Bob Burke is a rock star in the natural products world. Walk down the aisles of Whole Foods and pick almost any nationally recognized brand, and chances are he’s consulted for them. He is also the co-author and co-publisher of the Natural Products Field Manual, Fifth Edition and The Sales Manager’s Handbook. Prior to consulting, Bob was with Stonyfield Farm Yogurt for 11 years as Vice President, Sales & Corporate Development and Vice President, Marketing & Sales. He spoke recently at Expo West about breaking into the natural products channel– here are the highlights of his presentation.

Before You Manufacture

Burke advised attendees to conduct a feasibility study before entering the market place. He said there may be other points of study, but answering the following questions is a good place to start:

  • Do I meet ingredient standards?
  • Is what I am offering innovative and meaningfully differentiated?
  • Do I have rewarding and forgiving gross margins (Burke defines “rewarding and forgiving” as 50% in food, 50+% in personal care and 60+% in nutritional)
  • What’s my plan? Route to market? (direct or distributor/local regional or national)
  • Am I driving incremental business or just swapping one product for another?

These might seem like simple questions, but it’s surprising how many people invest resources in a company without answering any of these questions. Wanting to make a better product, your desire to change the world and even the fact that you sell some products doesn’t mean that you can run a successful company.

Natural vs. Organic

Depending on your product, this can get complicated but Burke says you need to understand this clearly. Defined, natural means literally all natural — no synthetic ingredients, artificial colors, flavors or preservatives. In the natural channel there are probably narrower definitions set by retailers such as no hydrogenated oils or milk from cows treated with synthetic hormones. Organic means that your product is certified by a third party to meet standards. Organic is a subset of natural.

Third party organic certification is a hot topic right now. There is no legal definition of the word “natural” and at Expo West the NPA and NSF standards were promoting themselves heavily. You’ll need to do some research about which standard your product can achieve. Can you get the gold standard USDA organic certification? Will you have to settle for a lesser standard? And, what do your customers think about that?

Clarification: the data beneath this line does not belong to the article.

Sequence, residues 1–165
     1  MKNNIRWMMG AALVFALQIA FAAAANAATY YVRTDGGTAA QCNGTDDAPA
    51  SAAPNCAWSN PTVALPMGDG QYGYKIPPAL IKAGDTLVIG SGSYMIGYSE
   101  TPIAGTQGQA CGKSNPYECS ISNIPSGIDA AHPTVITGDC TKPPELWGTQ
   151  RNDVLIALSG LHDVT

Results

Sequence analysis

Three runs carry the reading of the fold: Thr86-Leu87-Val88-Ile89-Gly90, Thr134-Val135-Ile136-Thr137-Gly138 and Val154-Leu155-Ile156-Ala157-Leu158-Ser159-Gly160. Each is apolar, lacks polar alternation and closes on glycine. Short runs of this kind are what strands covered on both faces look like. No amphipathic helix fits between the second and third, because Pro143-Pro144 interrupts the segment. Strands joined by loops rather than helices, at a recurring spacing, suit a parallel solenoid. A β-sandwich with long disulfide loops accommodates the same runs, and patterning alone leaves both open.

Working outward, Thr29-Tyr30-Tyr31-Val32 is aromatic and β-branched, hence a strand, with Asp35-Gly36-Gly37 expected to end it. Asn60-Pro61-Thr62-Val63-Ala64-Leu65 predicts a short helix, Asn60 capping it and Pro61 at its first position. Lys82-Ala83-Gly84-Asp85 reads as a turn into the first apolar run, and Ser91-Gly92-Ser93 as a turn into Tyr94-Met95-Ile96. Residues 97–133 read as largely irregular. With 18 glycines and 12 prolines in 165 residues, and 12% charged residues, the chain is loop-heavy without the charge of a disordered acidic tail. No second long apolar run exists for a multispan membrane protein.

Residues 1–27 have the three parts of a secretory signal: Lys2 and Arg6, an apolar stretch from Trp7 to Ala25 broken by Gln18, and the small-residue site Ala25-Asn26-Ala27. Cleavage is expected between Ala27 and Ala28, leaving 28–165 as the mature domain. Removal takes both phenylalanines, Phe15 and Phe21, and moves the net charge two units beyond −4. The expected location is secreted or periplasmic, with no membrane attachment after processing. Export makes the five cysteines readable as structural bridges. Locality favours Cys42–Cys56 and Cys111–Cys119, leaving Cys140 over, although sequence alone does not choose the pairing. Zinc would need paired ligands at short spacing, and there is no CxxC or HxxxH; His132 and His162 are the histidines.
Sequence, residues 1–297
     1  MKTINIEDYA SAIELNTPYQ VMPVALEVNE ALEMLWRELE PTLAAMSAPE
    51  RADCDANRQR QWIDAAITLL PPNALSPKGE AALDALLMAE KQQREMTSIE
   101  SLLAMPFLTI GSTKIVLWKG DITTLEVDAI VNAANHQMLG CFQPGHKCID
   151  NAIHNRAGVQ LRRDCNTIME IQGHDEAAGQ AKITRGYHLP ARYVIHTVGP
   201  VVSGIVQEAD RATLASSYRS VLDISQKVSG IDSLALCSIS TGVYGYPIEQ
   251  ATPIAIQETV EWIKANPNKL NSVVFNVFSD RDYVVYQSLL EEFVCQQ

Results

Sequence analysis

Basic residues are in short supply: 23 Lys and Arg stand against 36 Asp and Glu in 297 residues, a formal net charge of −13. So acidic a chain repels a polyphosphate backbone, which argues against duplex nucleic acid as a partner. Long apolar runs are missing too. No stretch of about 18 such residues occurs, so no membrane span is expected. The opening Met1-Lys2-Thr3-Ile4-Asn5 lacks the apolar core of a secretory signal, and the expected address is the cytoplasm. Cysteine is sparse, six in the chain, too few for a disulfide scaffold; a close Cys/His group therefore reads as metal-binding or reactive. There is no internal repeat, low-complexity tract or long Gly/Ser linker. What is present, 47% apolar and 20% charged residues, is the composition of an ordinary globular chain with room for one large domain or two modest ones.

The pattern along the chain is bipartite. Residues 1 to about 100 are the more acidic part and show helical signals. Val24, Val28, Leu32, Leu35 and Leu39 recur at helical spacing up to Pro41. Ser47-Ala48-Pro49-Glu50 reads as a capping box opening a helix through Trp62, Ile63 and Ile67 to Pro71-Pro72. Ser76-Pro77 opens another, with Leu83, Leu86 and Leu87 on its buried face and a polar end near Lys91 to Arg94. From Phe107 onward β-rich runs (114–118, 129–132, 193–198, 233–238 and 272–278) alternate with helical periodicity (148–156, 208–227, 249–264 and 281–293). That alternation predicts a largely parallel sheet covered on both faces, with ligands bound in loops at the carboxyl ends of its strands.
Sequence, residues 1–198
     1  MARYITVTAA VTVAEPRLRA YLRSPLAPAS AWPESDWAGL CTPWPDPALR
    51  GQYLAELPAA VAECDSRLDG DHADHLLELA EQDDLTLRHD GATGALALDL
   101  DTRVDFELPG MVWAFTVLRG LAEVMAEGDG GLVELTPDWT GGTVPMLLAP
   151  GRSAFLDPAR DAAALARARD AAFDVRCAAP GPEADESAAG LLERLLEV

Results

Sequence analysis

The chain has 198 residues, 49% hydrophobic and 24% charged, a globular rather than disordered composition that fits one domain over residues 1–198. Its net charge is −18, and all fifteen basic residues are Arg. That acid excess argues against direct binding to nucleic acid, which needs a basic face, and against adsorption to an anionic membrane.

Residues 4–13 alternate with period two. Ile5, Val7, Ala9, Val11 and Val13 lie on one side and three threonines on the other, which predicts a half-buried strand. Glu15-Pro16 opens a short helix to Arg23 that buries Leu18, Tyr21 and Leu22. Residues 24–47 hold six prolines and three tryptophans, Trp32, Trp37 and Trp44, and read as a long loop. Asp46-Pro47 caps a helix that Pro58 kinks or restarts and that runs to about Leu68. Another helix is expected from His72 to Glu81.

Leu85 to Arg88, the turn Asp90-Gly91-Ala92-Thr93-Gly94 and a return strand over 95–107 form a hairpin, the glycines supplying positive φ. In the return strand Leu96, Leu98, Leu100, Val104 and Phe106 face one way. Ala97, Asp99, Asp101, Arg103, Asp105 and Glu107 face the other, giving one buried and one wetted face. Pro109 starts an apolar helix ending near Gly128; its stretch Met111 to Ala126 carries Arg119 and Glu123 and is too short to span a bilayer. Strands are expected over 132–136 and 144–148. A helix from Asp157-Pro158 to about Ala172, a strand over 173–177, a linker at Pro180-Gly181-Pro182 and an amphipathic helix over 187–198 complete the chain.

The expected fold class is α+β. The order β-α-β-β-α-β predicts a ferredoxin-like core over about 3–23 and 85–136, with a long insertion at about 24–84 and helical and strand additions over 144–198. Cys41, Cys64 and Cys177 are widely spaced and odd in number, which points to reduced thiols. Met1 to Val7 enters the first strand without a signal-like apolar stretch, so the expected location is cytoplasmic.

Consumer Overview

Is your consumer the classic lifestyle natural/organic consumer? Is her commitment to environmentally sound products part of her lifestyle? Is she more likely to shop in health and natural food stores? Will she pay a premium? Does she have a desire to change the world, a moral commitment to protecting the environment? Does she exhibit these traits consistently across many product categories? Is she deeply committed?

Or, is she a cultural creative organic buyer? Does her desire to protect her family and herself  and her lifestyle/fashion commitment to health and well being extend to buying only a few entry products?

What drives her purchases?

Burke shared research that points to aging/longevity concerns, new family, dietary restrictions, general health and weight loss adding up to 80% of natural purchase decisions. Does your product start with a trial purchase and then transition your consumer to regular and then committed purchasing? Or does she just buy it a few times and move on?

Traditional entry points into the natural space tend to be produce, dairy, baby food, meat and food-allergen related products.

How You Start

Do you understand the key players in the market? Do you know the retailers of natural products? What about specialty and mass market? Do you know the national distributors, regional distributors, local market distributors and the customer/exclusive distributors? If not, you need to do some research.

Obviously what product you’re producing and your business plans mean there’s no one strategy that works for everyone, but Burke and the other presenters in this series all stressed doing well in your region before trying to conquer the world. Burke suggested looking at small to medium-sized regional distributors when you’re starting out. He also suggests establishing a beachhead with a key customer, ideally a key retailer who will serve as a patron for pushing the product into a national distributor. Then, when you are rocking that region you repeat the process in the next region over.